Gathering the Desert

It is ironic that the modern environmentalist movement was founded bv men with whom most modern environmentalists would have nothing to do today: game hunters, many so avid for the chase that they would spend fortunes to collect antlers and skins and skulls from far-off places. Theodore Roosevelt, to name one distinguished early conservationist, was responsible for setting aside vast tracts of land for national parks and wildlife preserves; he also traveled to the Arctic Circle, to China's Taklimakan Desert, to the Serengeti Plain to add rare specimens to his collection of kills, which already numbered countless species from fields and streams that lay closer to home. Charles Sheldon (1867-1928) garnered a smaller reputation than that of the bully-pulpit President, but he filled the hunter-conservationist role just as well; his efforts substantially enriched the American public domain, and if few moderns have heard of his work, they have their remedy in The Wilderness of the Southwest.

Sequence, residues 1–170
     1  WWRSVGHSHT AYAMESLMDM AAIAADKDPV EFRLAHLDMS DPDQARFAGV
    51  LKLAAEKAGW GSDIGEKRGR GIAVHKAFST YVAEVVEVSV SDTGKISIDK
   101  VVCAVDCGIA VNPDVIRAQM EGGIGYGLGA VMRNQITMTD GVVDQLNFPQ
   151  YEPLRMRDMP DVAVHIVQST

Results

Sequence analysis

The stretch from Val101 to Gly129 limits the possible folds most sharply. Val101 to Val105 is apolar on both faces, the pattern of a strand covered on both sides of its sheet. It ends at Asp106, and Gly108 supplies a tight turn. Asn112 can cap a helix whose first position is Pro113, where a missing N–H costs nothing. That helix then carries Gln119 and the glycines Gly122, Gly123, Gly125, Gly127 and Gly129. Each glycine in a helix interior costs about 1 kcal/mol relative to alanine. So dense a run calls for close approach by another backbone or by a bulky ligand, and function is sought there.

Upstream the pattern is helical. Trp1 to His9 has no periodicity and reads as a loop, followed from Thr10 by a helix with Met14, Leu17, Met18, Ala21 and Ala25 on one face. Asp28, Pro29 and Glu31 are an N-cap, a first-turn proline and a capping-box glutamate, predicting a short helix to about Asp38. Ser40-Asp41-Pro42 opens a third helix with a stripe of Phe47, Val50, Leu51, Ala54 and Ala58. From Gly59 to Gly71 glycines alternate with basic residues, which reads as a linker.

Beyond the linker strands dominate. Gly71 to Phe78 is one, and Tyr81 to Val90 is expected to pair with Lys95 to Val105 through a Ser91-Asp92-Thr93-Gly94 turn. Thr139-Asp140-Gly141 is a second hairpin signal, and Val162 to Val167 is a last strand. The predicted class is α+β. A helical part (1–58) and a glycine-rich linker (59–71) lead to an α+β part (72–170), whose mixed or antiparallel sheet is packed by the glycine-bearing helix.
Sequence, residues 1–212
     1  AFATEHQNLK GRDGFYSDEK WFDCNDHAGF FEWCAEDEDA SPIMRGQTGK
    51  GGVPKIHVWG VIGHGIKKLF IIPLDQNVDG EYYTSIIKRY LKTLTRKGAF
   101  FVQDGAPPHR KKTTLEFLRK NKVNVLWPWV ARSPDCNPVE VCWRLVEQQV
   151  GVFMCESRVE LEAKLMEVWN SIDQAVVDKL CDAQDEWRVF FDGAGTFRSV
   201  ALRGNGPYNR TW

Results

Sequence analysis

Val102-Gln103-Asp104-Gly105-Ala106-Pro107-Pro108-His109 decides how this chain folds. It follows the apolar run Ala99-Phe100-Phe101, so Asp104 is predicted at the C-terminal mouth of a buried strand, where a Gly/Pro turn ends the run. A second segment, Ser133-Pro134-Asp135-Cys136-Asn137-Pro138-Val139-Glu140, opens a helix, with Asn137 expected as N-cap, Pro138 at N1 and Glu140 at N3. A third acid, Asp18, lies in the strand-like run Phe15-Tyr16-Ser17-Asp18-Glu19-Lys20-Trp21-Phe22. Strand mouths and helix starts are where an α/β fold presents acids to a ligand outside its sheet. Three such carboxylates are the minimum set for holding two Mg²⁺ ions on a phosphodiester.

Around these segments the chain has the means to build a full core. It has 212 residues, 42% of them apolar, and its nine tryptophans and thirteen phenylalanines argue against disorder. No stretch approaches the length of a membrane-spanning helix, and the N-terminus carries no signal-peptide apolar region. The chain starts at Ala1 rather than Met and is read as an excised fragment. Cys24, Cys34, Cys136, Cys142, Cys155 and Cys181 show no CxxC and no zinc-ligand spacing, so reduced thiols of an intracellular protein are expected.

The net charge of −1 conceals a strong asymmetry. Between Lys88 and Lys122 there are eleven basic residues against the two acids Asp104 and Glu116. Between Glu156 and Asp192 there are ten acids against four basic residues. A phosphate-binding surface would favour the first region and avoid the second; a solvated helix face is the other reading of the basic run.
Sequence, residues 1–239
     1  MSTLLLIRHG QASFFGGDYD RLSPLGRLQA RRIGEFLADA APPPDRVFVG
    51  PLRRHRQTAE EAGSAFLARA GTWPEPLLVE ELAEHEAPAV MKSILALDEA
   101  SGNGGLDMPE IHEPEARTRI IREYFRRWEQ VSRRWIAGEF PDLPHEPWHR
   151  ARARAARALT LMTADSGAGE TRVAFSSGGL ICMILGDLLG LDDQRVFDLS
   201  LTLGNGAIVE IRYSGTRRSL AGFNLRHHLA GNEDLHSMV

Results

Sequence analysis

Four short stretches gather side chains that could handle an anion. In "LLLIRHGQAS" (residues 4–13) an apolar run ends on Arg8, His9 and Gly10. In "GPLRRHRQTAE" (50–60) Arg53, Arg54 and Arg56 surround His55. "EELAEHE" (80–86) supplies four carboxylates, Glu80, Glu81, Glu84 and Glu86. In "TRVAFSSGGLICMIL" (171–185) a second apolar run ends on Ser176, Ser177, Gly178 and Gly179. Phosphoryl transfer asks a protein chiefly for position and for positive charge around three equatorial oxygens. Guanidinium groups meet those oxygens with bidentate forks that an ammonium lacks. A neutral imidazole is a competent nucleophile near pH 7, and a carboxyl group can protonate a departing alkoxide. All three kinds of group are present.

A Yale graduate from a once well-todo family gone broke in the recessions of the 1880's and 90's, Sheldon scrapped his plans for a grand tour of Europe, took to the woods with a shotgun and pointer, and set about exploring North America from Alaska to the high Sierra Madre of Mexico. He began his career, as literary archaeologists Neil Carmony and David Brown tell us in their edition of Sheldon's unpublished field notes, as...

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